"Anytime original Bill Watterson comic art shows up for auction it's a huge deal," said Todd Hignite, Vice President at Heritage Auctions. "His collaboration with Stephan Pastis was an unexpected treat for his millions of fans. Now, thanks to this auction, fans will get to take the original art home while raising money for a great cause."

The collaboration between the two artists came at the suggestion of Watterson and was immediately embraced by an overwhelmed Pastis, who, like some many modern cartoonists, was greatly influenced by Watterson and Calvin and Hobbes. The trajectory of the three strip arc follows Pastis' comic strip alter-ego as he turns the drawing of the comic over to a precocious second-grader named Libby for three days. The results are both wickedly funny and uniquely Watterson, while remaining true to the sharp humor that defines the Pearls Before Swine strip.

At Watterson's request, the artwork is being sold on behalf of Team Cul de Sac, a non-profit charity established by editor/designer Chris Sparks on behalf of  Cul de Sac cartoonist Richard Thompson, who is battling Parkinson's Disease – a piece of artwork done by Watterson depicting one of Thompson's Cul de Sac characters sold in 2012 as part of a charity auction to benefit Team Cul de Sac – and the profits from the sale of the original art (Heritage is waiving the seller's fee on the artwork and will also contribute half of the Buyer's Premium) will be donated to the Michael J. Fox Foundation for Parkinson's Research.

Heritage Auctions is the largest auction house founded in the United States and the world's third largest, with annual sales of more than $900 million, and 850,000+ online bidder members. For more information about Heritage Auctions, and to join and receive access to a complete record of prices realized, with full-color, enlargeable photos of each lot, please visit

Wednesday, April 30, 2014

A few pictures of Al Feldstein

AP is reporting that the great Mad Magazine editor Al Feldstein has passed away. I knew him slightly. He used to send seriously leftist emails to people he knew. I will set about saving them for a the Billy Ireland Library at Ohio State.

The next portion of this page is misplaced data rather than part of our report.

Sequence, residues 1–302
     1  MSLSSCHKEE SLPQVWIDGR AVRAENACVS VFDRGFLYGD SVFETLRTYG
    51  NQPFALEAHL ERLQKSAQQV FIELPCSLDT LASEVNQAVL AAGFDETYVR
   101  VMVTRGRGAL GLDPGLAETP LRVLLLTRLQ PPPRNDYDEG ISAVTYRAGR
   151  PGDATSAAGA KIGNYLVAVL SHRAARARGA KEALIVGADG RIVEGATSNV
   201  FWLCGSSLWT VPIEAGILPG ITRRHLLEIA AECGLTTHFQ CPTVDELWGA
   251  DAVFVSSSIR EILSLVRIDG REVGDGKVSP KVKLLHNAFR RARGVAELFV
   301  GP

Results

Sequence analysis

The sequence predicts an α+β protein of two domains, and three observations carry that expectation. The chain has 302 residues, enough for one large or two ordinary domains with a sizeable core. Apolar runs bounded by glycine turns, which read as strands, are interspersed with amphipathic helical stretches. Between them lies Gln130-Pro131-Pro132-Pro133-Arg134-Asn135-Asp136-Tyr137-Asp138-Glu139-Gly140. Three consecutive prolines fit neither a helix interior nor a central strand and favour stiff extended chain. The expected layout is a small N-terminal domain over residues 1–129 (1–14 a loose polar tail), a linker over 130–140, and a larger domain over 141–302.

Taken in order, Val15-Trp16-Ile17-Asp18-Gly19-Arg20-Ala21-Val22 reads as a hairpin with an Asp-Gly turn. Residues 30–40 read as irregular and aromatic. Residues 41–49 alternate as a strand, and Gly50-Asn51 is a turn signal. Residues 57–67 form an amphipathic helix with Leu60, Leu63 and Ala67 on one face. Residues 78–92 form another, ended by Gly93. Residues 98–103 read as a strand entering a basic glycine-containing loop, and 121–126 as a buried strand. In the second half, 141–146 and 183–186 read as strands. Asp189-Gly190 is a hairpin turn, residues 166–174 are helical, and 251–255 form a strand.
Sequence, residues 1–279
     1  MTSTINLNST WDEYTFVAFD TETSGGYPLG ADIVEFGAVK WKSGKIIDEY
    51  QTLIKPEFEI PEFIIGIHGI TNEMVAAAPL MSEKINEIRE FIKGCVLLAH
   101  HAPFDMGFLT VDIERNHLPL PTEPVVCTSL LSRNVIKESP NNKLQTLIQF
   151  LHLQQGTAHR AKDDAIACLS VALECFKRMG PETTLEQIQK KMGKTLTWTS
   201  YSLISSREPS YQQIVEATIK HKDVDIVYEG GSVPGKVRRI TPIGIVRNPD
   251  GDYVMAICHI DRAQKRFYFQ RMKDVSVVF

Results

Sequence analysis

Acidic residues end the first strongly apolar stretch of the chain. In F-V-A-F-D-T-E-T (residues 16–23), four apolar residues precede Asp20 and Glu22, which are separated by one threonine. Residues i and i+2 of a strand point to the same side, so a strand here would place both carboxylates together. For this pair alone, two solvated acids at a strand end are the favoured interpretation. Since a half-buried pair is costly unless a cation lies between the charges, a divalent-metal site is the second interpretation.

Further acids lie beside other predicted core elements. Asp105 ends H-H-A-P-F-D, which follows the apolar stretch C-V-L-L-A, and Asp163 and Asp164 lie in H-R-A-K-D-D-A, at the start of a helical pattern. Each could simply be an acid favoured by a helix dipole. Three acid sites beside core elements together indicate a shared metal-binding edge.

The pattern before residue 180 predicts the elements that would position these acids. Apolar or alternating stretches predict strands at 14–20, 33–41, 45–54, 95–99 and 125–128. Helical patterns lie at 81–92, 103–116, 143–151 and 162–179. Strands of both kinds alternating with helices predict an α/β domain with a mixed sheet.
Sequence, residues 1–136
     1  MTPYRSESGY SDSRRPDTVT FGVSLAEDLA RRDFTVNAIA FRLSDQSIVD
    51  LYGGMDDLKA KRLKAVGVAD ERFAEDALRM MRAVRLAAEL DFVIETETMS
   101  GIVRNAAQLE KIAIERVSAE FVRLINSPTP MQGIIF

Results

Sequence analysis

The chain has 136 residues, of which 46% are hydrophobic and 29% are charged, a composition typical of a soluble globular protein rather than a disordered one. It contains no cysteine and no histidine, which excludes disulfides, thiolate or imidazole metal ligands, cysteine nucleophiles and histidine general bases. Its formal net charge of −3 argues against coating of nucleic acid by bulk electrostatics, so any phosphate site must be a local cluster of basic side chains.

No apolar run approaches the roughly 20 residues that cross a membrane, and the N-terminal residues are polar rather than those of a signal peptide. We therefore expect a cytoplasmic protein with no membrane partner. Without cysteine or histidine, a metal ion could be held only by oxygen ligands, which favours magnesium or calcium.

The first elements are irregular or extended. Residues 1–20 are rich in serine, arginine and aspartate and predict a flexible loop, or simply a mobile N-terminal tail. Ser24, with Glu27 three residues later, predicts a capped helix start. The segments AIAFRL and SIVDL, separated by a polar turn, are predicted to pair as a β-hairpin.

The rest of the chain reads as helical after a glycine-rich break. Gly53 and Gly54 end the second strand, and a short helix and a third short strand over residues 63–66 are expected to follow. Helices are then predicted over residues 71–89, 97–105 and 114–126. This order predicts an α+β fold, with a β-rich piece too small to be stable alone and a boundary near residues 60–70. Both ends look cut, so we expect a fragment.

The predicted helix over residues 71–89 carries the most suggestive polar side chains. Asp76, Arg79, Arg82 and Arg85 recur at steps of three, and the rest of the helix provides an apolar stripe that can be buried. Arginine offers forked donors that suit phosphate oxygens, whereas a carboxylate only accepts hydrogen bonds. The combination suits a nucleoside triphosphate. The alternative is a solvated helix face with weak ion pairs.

That's Craig Fischer, Richard Thompson, Roger Langridge and Al.

100_3977 Mike Rhode w Al Feldstein at Baltimore Comic-Con 2007
Mike Rhode with Al Feldstein at Baltimore Comic-Con 2007

Al and a fan at Heroes Con.

Al and Ben Towle at Heroes Con.

More pictures from the 2008 Heroes Con are here.

Tuesday, April 22, 2014

Shelton Drum's original comic art exhibit in Southern VA

"Heroes Aren't Hard to Find: The Comic Art Collection of Shelton Drum" exhibit at the William King Museum, Abingdon, VA, is absolutely fantastic, especially for someone around age 50-60. Shelton bought the art that we all would have, especially Spider-Man pages. Here's a set of pictures I snapped quickly, which don't do the art justice.

Why mention this on ComicsDC? Because local hero Richard Thompson is represented with two Cul de Sac strips.

Friday, December 06, 2013

Richard Thompson's medical status

I've just spoken to Richard's wife Amy and found out that he'll be discharged from the hospital to a local nursing facility for days of physical, occupational and speech therapy. He did fine with his first day of a new hip, but of course the Parkinsons that caused the fall will not make this recovery easy.

She's also planning on giving him his iPad soon so he'll be able to read email directly, without responding in his morphine dreams.


Thursday, October 10, 2013

'Complete Cul de Sac'/show with Watterson in 2014

Look for the 656-page Complete Cul de Sac (Andrews McMeel Publishingin May 2014, reports Reuben Award-winning cartoonist Richard Thompson on his blog. “Annotated, copyedited, collated, and now covered. The only thing left to be done is the printing and gluing it or sewing or whatever they do to make it hold together. And, of course, buying it,” Thompson writes. Now the second big announcement: Thompson will join cartoonist Bill Watterson (yes, of Calvin & Hobbs fame) for a two-man exhibit in 2014 at the Billy Ireland Cartoon Library & Museum at Ohio State University.

Friday, December 14, 2012

Santa Clinton?